Number of Uninsured Americans on the Rise While California Holds Steady
Stories that caught our attention
For the first time since the Affordable Care Act (ACA) was passed in 2010, the number of uninsured Americans has increased, according to a new US Census Bureau report (PDF) on income, poverty, and health insurance coverage. In 2018, 27.5 million people (8.5% of the population) lacked health insurance — up from 25.6 million (7.9%) in 2017. The American Community Survey, a separate Census Bureau tool that allows comparisons by state and was also released by the Census Bureau this week, found that the number of uninsured Americans has been growing since 2016.
Larry Levitt, executive vice president for health policy at KFF (Kaiser Family Foundation), warned that tougher times may be ahead. “The number of people uninsured is rising even in a pretty good economy,” he said in a post on Twitter. “What’s going to happen when a recession hits?”
Experts agree the increase is surprising considering the strong economy. “In a period of continued economic and job growth, we shouldn’t be going backwards on health coverage,” Judy Solomon, a senior fellow at the Center on Budget and Policy Priorities (CBPP), said in a Kaiser Health News story reported by Phil Galewitz.
Policy Changes May Contribute to Decline in Medicaid Enrollment
The change in the number of uninsured Americans from 2017 to 2018 “was driven primarily by a decrease in public insurance for the poor, with enrollment in Medicaid dropping by 0.7%,” according to Amy Goldstein and Heather Long in the Washington Post.
Starting in early 2018, the Trump administration nudged states to implement Medicaid work requirements, asserting that the policy would incentivize unemployed people to find work. But early results from Arkansas, the first to implement a Medicaid work requirement, suggest the policy has not worked there. A study published in the New England Journal of Medicine found that the uninsured rate increased for Arkansans affected by the new work requirement, but there was no change in the employment rate for this population. Before a federal judge blocked the state’s policy in March, nearly 17,000 Arkansans lost Medicaid coverage.
A reversal of progress on health coverage in 2018 would likely reflect, at least in part, the growing impact of ongoing Trump administration efforts to weaken health coverage under the ACA. — Center on Budget and Policy Priorities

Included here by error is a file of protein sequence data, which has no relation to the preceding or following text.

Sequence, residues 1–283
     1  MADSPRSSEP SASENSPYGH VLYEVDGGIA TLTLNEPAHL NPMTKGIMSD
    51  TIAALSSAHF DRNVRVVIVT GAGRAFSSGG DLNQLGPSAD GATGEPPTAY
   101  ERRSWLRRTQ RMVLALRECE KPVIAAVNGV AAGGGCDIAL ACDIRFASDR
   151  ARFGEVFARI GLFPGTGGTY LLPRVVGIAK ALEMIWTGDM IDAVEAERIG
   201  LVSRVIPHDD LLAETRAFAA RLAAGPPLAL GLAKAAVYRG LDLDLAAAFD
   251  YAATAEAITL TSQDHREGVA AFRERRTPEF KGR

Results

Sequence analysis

“People are losing Medicaid coverage, often as a result of confusion rather than failure to meet the work requirements, but they aren’t finding jobs and getting insurance that way,” Vox’s Dylan Scott explained. “They are simply becoming uninsured.”
Experts identify a range of other factors that may have had an impact on the uninsured rate. Researchers from CBPP note that “a reversal of progress on health coverage in 2018 would likely reflect, at least in part, the growing impact of ongoing Trump administration efforts to weaken health coverage under the ACA.”
The White House has made numerous policy changes to sap the health law’s effectiveness. It repealed the ACA’s individual mandate penalty, cut funding for outreach and enrollment assistance for federally funded ACA marketplaces, and eliminated cost-sharing reduction payments.
In August, it finalized an immigration rule that expands the definition of “public charge” to include a wider range of health and safety-net programs, including Medicaid. The rule, which takes effect in October, “will likely have a chilling effect on immigrant access to health care and coverage,” according to the Sacramento-based Insure the Uninsured Project. Research from the Urban Institute (PDF) determined that the rule has already caused some immigrants to avoid public programs.
California Bucks the National Trend
The American Community Survey found that the uninsured rate increased significantly in eight states and decreased significantly in just three states (PDF). In California, it held steady. “The share of Californians who lacked health coverage last year — 7.2% — was unchanged from 2017,” wrote Scott Graves, director of research at the California Budget & Policy Center.
California has been deliberate in its efforts to improve upon the ACA. It rejected the Medicaid work requirements. When the Trump administration cut funding for outreach and enrollment assistance, Covered California, the state’s health benefits exchange, increased its own outreach, enrollment, and marketing budget by 10%. Covered California also extended the open enrollment period to give consumers more time to shop for health plans.
“New state policies set to take effect in 2020 could lead to further reductions in California’s uninsured rate,” Graves wrote. In June, the California Legislature passed and Governor Gavin Newsom signed a state budget bill that included measures to boost coverage rates. The budget reinstated the ACA’s individual mandate penalty and raised Medi-Cal’s income eligibility level for seniors and persons with disabilities. It also made California the first state to open its Medicaid program to all residents with low incomes under age 26, regardless of immigration status.
Still, “we must remain vigilant as the health coverage for millions remains at risk,” Anthony Wright, executive director of Health Access California, warns in a blog post. “Californians continue to need state action to help them access and afford coverage. Everyone benefits when everyone is covered.”